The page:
If you’re severely allergic or your friend is severely allergic to nuts, it’s possible an unlabeled cross contamination will trigger an allergic reaction. The risk analysis is up to the individual and their allergist.

    There are various reasons why a company would not want to clarify potential cross contamination in a warning label. The article When a Manufacturer Says ‘Trust Us’ Regarding Allergens by SnackSafely gives a great explanation of the differing reasons a company is choosing to omit the “May Contain:” section from their product’s food label.

    Sometimes, the products these companies are omitting clarification in don’t create their product on a machine that processes other nut related food products. Instead, certain companies will decide to use a separate part of the facility to manufacture their nut free products. In this scenario, both machines are stationed in the same facility. They may be in different areas, but they're both under the same roof.

    Because policies to prevent cross-contamination are so different company-to-company, it’s difficult for the consumer to know whether or not their efforts are effective unless a company does routine trace testing. And, according to the Snack Safely article mentioned above, the FDA doesn’t require trace testing in finished products.

    If there is a particular product you are curious about, you can call a company’s customer service line and ask about the company’s allergen policy, specifically in regards to their facility and the protocol they implement to protect against cross-contamination. Based on what they say, re-assess the risk from your own vantage point.

    Follow the boundary that feels right for you. You decide what you feel comfortable with when it comes to what you are willing to eat and not eat. Or, the same goes for when you're the parent of a nut allergic child. You and your child’s allergist can discuss which nut free labeling is appropriate for your situation. If you’re the friend of someone with a severe nut allergy, check in with them before assuming.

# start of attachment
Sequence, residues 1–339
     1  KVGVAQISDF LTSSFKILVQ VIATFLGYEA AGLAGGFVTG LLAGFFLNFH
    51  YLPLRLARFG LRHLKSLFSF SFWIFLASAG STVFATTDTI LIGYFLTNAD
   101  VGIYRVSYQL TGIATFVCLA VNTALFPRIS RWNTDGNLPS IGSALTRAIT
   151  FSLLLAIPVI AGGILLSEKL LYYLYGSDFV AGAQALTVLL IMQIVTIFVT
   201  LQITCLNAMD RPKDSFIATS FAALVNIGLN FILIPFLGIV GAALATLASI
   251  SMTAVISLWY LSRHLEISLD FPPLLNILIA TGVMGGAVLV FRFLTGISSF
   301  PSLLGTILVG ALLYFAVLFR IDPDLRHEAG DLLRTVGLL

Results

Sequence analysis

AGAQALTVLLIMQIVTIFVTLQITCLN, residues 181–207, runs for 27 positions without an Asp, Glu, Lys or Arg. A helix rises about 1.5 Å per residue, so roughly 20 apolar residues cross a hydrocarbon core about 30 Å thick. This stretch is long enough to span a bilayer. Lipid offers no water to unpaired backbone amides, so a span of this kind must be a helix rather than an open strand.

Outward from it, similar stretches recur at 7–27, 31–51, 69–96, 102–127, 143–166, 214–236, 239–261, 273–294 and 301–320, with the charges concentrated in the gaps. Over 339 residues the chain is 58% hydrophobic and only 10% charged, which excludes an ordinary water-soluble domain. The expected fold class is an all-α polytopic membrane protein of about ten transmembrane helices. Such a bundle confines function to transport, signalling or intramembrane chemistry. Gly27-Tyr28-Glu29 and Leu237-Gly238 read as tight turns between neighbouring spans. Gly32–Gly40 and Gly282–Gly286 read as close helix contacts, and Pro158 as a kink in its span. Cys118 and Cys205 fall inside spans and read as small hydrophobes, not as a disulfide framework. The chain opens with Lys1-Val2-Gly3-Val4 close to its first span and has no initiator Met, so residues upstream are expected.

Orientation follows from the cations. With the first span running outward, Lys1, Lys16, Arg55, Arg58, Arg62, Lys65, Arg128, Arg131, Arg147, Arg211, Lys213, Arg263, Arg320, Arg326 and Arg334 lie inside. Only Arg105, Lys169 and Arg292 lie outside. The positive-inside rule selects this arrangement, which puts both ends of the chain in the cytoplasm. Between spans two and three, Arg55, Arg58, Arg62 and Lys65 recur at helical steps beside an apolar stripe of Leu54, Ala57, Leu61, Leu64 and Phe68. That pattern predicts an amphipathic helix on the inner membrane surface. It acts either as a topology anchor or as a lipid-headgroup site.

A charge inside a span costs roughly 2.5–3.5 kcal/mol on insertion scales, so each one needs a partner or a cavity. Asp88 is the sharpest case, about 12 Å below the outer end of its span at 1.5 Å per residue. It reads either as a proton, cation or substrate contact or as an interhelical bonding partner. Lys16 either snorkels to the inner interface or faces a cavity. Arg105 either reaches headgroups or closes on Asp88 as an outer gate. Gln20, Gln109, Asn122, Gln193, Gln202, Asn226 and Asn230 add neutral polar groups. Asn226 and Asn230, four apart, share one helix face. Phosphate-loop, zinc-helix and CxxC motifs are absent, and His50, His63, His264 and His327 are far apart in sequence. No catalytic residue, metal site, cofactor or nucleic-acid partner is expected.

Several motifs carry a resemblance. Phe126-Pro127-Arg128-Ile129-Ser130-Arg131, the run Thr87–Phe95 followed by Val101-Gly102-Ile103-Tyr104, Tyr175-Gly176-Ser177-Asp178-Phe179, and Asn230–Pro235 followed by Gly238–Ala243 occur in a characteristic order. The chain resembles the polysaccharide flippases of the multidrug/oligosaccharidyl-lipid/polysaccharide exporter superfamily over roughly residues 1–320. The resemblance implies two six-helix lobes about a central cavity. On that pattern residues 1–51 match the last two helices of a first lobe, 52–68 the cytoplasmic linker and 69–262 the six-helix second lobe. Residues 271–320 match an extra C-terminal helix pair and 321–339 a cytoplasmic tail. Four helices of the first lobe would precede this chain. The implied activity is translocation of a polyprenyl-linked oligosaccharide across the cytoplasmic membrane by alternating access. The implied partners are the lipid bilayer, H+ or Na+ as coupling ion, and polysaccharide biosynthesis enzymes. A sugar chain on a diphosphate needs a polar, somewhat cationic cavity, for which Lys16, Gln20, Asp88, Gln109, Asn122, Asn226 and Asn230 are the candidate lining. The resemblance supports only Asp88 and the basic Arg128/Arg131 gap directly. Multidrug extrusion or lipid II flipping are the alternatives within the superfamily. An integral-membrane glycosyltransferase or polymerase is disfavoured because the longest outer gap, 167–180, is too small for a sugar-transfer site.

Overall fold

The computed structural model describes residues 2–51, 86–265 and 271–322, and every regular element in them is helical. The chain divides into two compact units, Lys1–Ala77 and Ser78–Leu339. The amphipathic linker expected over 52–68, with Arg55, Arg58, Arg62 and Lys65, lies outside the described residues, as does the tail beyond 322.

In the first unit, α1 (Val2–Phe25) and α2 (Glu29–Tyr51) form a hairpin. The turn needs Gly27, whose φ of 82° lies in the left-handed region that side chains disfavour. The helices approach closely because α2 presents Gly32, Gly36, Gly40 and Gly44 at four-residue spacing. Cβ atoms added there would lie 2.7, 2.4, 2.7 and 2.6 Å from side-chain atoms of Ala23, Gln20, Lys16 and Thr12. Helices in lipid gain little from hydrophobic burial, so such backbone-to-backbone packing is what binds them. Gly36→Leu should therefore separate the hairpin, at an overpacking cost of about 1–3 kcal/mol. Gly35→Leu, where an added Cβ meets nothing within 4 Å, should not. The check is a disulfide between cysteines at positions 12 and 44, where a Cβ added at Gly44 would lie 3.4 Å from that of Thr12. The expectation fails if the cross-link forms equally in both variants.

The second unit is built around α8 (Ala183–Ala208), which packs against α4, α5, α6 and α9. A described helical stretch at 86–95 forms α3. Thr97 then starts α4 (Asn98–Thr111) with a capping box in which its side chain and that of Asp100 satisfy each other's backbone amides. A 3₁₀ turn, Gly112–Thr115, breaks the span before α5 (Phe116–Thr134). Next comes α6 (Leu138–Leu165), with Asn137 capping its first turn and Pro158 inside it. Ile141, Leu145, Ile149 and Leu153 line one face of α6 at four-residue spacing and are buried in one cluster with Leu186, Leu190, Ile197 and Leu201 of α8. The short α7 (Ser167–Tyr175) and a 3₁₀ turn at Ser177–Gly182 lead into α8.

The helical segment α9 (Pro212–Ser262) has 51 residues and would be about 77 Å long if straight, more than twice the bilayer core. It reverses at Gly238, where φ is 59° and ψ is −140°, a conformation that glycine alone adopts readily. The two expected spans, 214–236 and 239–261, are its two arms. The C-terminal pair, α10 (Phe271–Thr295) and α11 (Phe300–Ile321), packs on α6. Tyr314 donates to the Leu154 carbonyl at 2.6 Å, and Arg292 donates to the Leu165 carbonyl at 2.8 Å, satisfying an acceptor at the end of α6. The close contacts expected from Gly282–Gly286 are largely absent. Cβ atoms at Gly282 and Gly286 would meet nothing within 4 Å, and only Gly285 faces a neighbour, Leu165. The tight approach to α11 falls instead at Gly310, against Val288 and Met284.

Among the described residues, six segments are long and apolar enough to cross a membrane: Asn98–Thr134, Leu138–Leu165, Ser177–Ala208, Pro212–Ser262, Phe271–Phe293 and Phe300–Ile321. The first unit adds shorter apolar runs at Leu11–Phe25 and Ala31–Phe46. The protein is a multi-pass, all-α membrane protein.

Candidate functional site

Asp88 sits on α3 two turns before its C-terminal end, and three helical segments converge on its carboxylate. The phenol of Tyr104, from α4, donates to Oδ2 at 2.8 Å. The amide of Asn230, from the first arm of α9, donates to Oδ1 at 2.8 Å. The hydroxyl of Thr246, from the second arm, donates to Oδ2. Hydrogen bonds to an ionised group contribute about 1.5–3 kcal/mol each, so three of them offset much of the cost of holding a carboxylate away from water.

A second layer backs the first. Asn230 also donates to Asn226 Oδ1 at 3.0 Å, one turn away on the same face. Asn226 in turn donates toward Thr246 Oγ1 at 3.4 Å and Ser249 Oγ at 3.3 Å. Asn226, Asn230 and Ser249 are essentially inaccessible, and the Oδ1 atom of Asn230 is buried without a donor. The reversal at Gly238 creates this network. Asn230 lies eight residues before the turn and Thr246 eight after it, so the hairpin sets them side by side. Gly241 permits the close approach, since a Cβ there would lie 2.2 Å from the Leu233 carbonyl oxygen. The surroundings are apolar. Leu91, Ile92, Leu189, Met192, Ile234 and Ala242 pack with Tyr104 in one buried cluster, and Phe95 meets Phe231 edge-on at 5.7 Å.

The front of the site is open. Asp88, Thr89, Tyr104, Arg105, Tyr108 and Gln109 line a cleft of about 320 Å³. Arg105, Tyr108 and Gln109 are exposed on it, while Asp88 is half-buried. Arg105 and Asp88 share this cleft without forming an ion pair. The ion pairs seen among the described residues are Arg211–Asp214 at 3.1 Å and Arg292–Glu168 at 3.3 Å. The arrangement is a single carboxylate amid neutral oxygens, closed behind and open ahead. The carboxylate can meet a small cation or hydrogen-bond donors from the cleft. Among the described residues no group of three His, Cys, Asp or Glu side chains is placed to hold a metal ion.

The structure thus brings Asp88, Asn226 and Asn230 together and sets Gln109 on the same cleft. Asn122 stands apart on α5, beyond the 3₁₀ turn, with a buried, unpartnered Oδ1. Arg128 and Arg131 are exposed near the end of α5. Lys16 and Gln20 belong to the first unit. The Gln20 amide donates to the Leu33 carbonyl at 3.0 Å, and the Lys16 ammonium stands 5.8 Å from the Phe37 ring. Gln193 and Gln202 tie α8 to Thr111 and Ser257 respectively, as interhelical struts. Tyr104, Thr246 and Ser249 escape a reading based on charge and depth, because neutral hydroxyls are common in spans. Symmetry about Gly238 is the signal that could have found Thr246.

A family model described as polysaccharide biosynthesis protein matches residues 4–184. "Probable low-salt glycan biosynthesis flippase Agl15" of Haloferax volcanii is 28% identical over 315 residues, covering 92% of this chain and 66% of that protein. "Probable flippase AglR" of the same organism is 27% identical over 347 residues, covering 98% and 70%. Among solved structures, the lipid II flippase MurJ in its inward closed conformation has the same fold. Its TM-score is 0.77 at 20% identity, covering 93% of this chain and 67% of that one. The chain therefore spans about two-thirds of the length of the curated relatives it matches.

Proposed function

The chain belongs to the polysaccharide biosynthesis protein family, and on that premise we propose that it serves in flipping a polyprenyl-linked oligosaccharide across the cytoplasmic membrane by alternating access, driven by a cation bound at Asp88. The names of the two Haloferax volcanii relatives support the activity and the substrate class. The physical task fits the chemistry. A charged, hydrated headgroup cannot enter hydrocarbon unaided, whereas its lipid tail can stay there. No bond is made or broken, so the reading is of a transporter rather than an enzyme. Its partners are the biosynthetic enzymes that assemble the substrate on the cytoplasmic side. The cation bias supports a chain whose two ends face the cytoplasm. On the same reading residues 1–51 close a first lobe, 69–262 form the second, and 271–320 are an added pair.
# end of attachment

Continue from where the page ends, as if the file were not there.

6. Labeled "School-Friendly"

    The school-friendly label and classification system is used by companies to indicate a particular product of theirs is free from the eight most common food allergens. It classifies food based on what the FDA has identified as the 8 major foods allergens, but it isn’t a classification system or nut free labeling created by the FDA.

    In fact, it’s a good idea to read what 8 allergens each company is claiming to be the top allergens. It mostly stays the same, but sometimes the ingredients, or the way the ingredients are classified differs. According to the FDA the eight major allergens include: milk, eggs, fish, shellfish, tree-nuts, peanuts, wheat, and soy. These are the eight foods designated as “major food allergens' by FALCPA.

    School-friendly products became popular to make shopping for food allergy classrooms easier. Unfortunately, the number of food allergic children is rising, and so are nut free or nut aware classrooms, and nut free or nut-aware schools. Most products using the phrase “school-friendly” are created in dedicated nut free facilities, which is awesome! They’ll indicate so on the packaging. School-friendly snacks are making classrooms safer for nut allergic kids as well as other food allergic kids.

    Treasure Mills produces many school-friendly snacks that are available in most grocery stores. To learn more about brands that are school-friendly and also made in dedicated nut free facilities, we recommend reading the Safe Snack Guide by SnackSafely.

    Summary for These Different Kinds of Nut Free Labeling

    If in doubt, open up a conversation with your nut-allergic friend or allergist. Get to know what their recommendations are regarding nut free labeling. If you are trying to learn what snacks are safe for your friend, you simply ask them. Or, start paying attention to what they eat at lunch or to the items their pantry is stocked with. Try the snacks for yourself too! You might find seed substitutes rather tasty.